A 37-year-old software developer for Ali Baba, a hugely successful company that is China’s equivalent of Amazon, was the most negative of all. Despite being enormously successful in China, he was applying for a Canadian visa and convinced that pollution and poor schools were harming his 18-month-old son.
“They teach children to tell lies,” said the man, who asked to remain anonymous. “They teach bad values.”
Interviews with a half-dozen migrant workers – the 200 million laborers from rural provinces who run China’s urban factories – prompted responses more favorable to the Party. They complained of high housing prices but said government subsidies had lowered food prices.
Dissidents say the Party’s ability to produce jobs and subsidies will determine its fate. Household income represents only 50 percent of China’s GDP, one of the lowest rates ever recorded. China’s staggering profits have been re-invested in massive infrastructure and economic development projects, not the average person. Widespread discontent exists over inequality and corruption, but little chance exists of Arab Spring-like uprisings for now.
“As long as most of the people can find jobs here, I don’t think there is any chance of a national revolution,” said one dissident who spoke on condition of anonymity. “Just like Clinton said, ‘it’s the economy, stupid.’”
China’s leadership, though, does worry about its future. While China seems like an unstoppable economic juggernaut from abroad, there is a clear sense here that its export-driven economic model cannot be sustained. With demand in the United States and Europe declining, government officials are trying to increase Chinese consumption of homemade goods. As wages in China’s coastal factories have risen, some manufacturing is shifting to Vietnam, Indonesia and Bangladesh. And government officials are trying to slow growth, deflate the country’s housing bubble, and curb inflation.
As he should, Ai criticized the West for its role in empowering and enriching the Chinese Communist party. Eager for quick profits, Western governments and companies embraced China’s cheap labor and turned a blind eye to its repression.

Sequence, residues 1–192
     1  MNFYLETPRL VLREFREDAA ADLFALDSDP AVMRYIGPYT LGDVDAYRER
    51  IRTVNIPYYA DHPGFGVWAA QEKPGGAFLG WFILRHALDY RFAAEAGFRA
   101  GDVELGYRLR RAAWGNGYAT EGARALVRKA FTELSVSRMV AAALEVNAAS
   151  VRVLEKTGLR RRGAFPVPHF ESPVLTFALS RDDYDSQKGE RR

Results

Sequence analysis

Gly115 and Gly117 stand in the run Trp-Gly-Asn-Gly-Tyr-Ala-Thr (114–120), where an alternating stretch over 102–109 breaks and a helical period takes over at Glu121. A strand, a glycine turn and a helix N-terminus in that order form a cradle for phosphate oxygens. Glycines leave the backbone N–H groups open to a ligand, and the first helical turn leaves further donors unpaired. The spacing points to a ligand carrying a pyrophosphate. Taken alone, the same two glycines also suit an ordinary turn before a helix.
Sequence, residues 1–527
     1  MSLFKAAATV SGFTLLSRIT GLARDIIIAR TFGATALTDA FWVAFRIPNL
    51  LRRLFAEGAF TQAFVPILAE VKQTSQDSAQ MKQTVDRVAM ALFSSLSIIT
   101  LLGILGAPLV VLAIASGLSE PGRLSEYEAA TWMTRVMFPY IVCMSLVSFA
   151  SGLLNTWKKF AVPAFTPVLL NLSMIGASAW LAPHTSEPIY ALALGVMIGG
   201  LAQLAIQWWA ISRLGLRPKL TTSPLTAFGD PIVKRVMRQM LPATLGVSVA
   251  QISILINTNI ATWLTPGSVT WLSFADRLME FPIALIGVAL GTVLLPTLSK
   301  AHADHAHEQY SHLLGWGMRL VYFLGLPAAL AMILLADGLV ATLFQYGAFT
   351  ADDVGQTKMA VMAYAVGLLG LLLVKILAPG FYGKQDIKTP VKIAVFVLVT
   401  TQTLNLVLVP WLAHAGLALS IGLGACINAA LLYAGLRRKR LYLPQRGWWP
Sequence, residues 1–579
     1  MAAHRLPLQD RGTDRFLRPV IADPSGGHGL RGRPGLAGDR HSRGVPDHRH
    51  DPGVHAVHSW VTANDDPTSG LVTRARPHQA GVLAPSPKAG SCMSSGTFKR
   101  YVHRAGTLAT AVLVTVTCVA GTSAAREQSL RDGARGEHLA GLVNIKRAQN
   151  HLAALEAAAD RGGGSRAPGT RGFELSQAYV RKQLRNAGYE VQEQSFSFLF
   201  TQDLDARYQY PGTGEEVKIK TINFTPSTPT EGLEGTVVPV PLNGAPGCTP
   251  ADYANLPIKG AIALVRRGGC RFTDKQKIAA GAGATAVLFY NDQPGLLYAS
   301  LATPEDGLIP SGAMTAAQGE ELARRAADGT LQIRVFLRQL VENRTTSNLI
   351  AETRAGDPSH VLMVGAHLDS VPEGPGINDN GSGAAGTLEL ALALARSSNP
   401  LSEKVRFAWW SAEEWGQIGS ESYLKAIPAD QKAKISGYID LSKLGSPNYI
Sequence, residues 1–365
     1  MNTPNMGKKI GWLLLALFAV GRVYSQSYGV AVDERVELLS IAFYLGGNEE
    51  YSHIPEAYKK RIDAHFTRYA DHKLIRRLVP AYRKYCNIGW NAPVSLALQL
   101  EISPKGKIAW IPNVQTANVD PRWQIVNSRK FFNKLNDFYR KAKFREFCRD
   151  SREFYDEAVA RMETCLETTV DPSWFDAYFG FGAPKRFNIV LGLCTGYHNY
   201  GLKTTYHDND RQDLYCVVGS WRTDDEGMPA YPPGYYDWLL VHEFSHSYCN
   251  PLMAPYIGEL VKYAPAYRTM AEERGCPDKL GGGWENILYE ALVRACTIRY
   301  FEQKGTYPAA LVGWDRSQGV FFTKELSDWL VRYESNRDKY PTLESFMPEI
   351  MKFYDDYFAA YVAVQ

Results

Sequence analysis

“Every penny, every deal made, everyone should understand the condition you’re dealing with,” Ai said. “A nation where the people do not have the right to vote after 60 years.
The burly 54-year-old faces a bleak choice. He could join Liu Xiaobo, the Nobel peace prize-winning dissident and writer sentenced to eleven years in prison in 2009 for championing the “Charter 08” manifesto calling for democracy in China. Liu’s exact offense under Chinese law? The crime of “inciting subversion of state power.”
Dressed in blue sweatpants, a blue cotton shirt and grey Nike sneakers, Ai calmly discussed his fate and insisted his case was energizing government opponents. In a four day period, over 20,000 people donated roughly $945,000 this week to help Ai pay his tax fine. Most of the donations, made online and through the postal system, can be traced yet they continue to arrive.
For now, China’s model is outperforming Western democracy in economic terms. Over the long term, I believe China’s stilted system is unlikely to produce the innovation it needs to continue its astonishing economic growth.
Emerging market nations, though, could choose to adopt the Chinese model, legitimately seeing China’s stability and growth as preferable to the West’s stagnation and dysfunction. China today is both light and dark. It is succeeding economically but failing politically.
I acknowledge western democracy’s current paralysis, indulgence and failure to reform. But I hope the Chinese Communist party fails first.
PHOTO: Dissident Chinese artist Ai Weiwei waves from the doorway of his studio after he was released on bail in Beijing June 23, 2011. REUTERS/David Gray